...anyway, if you've seen it, we see Lee Adama get promoted from Major to Commander (his Dad's original rank) and given command of the Beast (the Battlestar Pegasus), the second (more powerful, in fact) ship of the 'fleet.' This brings the whole confusion I've had over ranks in the Galactica Universe to the fore. I hope this has been addressed somewhere in a podcast or something. The main problem is that The XO of Galactica, William Adama's subordinate, is Colonel Tigh, and has been since the beginning of the show. Even leaving out the confusion of differing service ranks (that's a Terran foible, after all, differentiating between Naval and Air Force/Army ranks) we still have this problem. If a Colonel (Tigh) is subordinate to a Commander (Adama) at the beginning of the series, and after Admiral Kane dies two different Commanders assume command of Pegasus, then either a) Commanders outrank Colonels in this universe (fair enough) or b) Tigh has been passed over for a command of his own. I consider b) less likely, because even if he didn't make a stink about it due to loyalty to Adama or awareness of his problems (swig swig), Ellen sure would have made a stink about it by now. Adama has been swapping people around between ships, as was Kane before him.
Now, however, even if Commanders outrank Colonels, we have a problem, because in this episode, we see Lee Adama, a newly-minted Major (up from Captain, which is absolutely correct in Terran Army/Air Force parlance) being promoted to Commander. There was no mention of his passing Colonel, or Go, or collecting 200 cubits.
That will really make Tigh (both of 'em) incandescent.
Now, it's possible that 'Commander' just means 'commander of a ship' much like we use 'Captain' as a title...except that Admiral Adama handed him a new set of insignia, in the same ceremony Roslin used when she promoted him to Admiral.
Either way, he outranks Tigh. He's in command of the most powerful (if not the most significant) ship of the fleet.
This should be interesting. Especially with an election coming up.
Update: Well, according to The Battlestar Wiki, Colonel is indeed between Major and Commander; Commander is the equivalent of Commodore, and Lee just got hopscotched over Tigh's head, bare days after being jumped from Captain to Major. Wooo.
* Okay, this isn't totally fair. Every state in the union has a Springfield. But still. State government IT. Shudder. At least ours is making the effort.
They do not care a whit for security, other than that of their own power.
They do not care a whit for honest debate of priorities.
They do not care a whit for the well-being of anyone who is not directly important to their personal power structure.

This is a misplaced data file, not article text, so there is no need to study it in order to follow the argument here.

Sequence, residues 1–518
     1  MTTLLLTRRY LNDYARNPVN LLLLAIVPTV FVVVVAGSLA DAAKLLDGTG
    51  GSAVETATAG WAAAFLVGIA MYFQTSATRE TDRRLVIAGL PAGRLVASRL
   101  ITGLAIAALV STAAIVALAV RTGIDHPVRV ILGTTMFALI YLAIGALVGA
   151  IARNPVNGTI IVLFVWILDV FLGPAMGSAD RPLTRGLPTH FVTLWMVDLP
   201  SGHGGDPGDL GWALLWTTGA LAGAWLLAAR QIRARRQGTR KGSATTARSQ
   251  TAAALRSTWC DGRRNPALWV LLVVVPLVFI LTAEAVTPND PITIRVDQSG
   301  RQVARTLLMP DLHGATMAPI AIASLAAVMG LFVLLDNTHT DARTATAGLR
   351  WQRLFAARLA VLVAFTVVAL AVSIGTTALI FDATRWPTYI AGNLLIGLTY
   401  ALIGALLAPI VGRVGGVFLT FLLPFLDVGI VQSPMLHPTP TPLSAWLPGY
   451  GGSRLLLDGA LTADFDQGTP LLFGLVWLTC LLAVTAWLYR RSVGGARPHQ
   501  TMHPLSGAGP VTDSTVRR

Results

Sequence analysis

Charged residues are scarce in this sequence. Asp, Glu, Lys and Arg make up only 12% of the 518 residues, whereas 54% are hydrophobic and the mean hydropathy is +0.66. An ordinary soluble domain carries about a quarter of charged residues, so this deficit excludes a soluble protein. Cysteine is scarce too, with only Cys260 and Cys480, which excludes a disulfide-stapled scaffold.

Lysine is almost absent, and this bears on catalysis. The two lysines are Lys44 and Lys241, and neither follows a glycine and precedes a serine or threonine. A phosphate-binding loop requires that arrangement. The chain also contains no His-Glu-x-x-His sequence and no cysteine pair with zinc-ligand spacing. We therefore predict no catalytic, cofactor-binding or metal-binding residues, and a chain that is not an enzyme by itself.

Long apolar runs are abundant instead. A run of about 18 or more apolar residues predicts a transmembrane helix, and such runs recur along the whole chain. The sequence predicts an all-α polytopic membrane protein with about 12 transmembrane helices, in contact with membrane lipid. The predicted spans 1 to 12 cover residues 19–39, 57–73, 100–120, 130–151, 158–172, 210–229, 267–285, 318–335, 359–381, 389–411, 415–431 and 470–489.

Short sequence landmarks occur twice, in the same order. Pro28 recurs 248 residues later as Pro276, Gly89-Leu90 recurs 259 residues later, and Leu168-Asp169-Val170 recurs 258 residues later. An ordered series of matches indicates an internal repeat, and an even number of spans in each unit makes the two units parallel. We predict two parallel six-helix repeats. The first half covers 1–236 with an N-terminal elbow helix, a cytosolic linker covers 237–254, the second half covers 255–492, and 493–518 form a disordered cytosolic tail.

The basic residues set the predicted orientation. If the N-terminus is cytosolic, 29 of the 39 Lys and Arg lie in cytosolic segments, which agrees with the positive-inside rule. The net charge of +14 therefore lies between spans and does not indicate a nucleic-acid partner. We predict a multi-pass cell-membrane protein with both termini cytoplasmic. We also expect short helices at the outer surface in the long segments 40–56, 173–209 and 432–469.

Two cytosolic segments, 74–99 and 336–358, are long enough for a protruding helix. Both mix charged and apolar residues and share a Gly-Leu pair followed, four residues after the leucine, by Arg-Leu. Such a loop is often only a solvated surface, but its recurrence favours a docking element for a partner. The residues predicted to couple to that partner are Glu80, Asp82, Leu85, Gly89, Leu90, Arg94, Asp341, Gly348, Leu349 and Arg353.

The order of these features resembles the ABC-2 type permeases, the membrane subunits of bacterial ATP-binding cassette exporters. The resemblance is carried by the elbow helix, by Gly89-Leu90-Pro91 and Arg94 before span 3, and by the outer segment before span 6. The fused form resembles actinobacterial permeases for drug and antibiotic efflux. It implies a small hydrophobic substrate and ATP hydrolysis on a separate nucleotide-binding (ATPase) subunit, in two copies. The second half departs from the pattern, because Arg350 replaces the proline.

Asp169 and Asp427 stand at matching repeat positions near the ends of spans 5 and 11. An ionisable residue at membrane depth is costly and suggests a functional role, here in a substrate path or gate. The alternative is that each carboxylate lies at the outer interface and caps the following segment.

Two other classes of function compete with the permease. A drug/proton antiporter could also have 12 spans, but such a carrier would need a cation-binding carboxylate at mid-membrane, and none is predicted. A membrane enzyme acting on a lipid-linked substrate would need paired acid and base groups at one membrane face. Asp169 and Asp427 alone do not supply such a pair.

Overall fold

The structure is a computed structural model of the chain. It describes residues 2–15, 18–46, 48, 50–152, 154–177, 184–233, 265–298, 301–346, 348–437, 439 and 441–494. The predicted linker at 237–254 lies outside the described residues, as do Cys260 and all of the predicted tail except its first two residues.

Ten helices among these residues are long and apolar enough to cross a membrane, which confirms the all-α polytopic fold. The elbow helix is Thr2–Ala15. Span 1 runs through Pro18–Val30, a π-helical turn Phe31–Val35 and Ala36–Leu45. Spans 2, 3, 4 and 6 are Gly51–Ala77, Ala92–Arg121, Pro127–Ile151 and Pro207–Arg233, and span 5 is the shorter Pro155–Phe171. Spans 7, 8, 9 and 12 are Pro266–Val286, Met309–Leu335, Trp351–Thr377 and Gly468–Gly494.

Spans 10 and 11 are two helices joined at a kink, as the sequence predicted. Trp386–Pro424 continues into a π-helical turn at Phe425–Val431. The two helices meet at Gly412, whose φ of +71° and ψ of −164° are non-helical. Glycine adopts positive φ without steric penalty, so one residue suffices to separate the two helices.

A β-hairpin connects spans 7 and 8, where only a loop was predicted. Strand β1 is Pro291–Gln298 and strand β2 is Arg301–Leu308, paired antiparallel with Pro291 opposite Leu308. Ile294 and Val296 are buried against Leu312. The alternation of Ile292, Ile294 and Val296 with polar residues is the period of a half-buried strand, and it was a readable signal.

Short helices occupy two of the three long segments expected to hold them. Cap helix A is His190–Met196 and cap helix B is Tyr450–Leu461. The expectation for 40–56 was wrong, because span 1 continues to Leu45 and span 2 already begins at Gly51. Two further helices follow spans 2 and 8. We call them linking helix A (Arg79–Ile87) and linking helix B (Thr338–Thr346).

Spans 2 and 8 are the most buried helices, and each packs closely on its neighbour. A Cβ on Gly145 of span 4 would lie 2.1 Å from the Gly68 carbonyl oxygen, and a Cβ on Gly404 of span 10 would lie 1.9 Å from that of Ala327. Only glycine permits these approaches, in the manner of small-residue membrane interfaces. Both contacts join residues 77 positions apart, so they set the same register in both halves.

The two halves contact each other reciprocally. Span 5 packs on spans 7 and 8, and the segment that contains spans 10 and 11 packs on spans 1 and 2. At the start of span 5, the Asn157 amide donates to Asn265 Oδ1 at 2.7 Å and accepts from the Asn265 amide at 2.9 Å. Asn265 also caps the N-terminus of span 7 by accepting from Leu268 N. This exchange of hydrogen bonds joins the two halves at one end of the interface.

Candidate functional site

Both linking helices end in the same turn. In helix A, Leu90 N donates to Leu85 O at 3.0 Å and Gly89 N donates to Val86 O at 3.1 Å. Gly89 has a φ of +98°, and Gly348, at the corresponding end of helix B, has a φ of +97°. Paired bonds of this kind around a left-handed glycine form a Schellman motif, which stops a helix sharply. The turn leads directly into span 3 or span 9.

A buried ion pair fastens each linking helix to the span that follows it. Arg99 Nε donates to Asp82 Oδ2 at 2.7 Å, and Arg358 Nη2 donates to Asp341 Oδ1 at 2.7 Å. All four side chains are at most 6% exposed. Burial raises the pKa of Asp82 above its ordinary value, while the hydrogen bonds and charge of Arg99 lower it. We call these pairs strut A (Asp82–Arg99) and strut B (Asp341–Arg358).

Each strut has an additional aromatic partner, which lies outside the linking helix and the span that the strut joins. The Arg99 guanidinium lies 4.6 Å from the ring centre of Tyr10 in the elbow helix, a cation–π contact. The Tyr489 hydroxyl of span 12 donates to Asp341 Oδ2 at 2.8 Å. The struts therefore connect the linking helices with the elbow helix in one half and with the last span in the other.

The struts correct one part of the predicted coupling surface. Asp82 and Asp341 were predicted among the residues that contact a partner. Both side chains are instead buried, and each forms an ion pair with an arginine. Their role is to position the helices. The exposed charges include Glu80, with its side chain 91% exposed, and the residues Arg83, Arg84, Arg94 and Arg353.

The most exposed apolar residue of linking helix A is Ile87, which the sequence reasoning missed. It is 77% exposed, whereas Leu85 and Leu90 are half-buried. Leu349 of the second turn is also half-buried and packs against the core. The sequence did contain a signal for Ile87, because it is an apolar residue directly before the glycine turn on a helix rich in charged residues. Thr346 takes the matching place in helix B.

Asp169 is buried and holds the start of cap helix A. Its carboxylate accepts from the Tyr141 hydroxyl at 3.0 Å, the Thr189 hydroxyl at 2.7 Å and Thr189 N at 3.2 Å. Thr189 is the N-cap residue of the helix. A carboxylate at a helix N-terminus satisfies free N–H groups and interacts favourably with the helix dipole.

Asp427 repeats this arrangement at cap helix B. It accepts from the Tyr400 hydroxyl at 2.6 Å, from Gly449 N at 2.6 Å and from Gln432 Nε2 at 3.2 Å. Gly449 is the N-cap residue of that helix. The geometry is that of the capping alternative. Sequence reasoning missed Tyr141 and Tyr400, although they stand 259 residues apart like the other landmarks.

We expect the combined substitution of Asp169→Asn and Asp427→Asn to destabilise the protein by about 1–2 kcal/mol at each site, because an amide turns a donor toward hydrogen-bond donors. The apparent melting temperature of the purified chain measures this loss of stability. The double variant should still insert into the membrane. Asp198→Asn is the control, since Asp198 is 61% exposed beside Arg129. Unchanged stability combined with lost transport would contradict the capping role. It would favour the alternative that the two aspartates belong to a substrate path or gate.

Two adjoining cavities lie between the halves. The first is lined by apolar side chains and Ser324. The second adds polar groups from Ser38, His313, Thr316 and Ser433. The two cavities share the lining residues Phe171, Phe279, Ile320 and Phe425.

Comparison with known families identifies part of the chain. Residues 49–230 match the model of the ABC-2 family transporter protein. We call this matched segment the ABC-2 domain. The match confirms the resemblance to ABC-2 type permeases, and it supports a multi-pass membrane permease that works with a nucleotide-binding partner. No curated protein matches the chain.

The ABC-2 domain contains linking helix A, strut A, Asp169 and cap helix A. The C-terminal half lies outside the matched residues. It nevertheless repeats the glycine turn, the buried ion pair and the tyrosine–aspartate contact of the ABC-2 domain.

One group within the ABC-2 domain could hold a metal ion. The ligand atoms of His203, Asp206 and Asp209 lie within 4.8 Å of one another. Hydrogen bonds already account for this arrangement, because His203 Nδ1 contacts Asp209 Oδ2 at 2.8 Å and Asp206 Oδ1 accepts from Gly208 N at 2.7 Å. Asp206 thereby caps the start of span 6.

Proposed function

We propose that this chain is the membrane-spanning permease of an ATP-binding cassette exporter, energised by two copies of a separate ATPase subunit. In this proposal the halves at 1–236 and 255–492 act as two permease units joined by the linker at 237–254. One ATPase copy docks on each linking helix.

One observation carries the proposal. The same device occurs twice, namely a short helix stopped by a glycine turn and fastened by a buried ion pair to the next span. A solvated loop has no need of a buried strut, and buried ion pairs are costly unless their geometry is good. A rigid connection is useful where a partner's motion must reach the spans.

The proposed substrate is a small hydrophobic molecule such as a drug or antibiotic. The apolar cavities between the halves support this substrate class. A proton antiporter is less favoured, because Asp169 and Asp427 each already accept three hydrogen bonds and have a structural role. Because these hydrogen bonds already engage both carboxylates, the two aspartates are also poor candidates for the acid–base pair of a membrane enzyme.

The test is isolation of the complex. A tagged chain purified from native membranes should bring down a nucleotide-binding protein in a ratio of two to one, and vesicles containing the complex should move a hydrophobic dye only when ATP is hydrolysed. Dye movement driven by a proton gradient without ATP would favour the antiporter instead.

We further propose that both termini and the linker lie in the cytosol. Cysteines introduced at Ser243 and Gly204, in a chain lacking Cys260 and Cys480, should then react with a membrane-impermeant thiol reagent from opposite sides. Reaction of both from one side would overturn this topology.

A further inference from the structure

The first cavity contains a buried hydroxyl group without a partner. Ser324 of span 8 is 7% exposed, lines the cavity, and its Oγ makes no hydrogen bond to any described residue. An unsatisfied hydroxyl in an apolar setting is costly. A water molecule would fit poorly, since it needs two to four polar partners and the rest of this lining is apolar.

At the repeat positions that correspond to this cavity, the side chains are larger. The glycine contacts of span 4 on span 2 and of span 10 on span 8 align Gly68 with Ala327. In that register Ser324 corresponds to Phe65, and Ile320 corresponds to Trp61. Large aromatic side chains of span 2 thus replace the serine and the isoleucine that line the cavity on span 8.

They are seeking to actively punish those who seek not to harm them directly, but to work possibly towards the greater good of the American polity - even those within their own political party.
This tells me (a biased observer) three things. One: they are not worthy of the power they currently hold, but I already knew that. Two: they are worried about the ongoing surveillance hearings. Worried enough to be doing this form of arm-twisting this openly against their own traditional supporters. Three: those supporters are worried as well.
Those worried supporters may be ready to act as Americans, and not as Republicans. If they do so, we need to give them room to do so. We need to be Americans here, not Democrats and Republicans - because the dangers confronting us are dangers to our rights and existence as Americans.
And Rove? Someone needs to take Rove down.
One down. Far too many to go.
While I take your point re: the Audio Flag and song play, I'd like to offer some in return that I've no doubt you've heard but which I feel compelled to support nonetheless.
First, the 'library from radio' option has been available since the cheap availability of boom boxes with built-in cassette recorders which recorded directly from the audio input. I myself have around forty cassettes of music recorded directly from radio stations in the 1980s, which saw an *awful* lot of use. The notion that this is a new problem which poses *new* challenges is a bit stretched.
Second, there was a response then which is still valid - the concept of releasing only certain songs for radio play. 'Singles' were released to sell *albums*. This fell into the dust when MTV and radiocassettes and CDs became popular - why? probably (IMHO) because the random-access nature of CDs and the hevay-single-promotion of MTV meant that the album as a form became less important. Hence the large number of albums containing the 'golden two singles' and lots of crappy tunes. But why should I accept restrictions on my content in order to allow artists/producers to shove those other 8-10 crappy tracks onto me?
Third, the option is always available to record companies to offer licenses for digital airplay at restricted bitrates. What's wrong with that? It's a choice that *they* make, and that the consumers (radio stations, and indirectly, listeners) can then choose to validate or not. Market at work. Radio was always of relatively reduced quality compared to purchasing the music anyway, which is why I have CDs of most of those songs recorded on that stack of cassettes.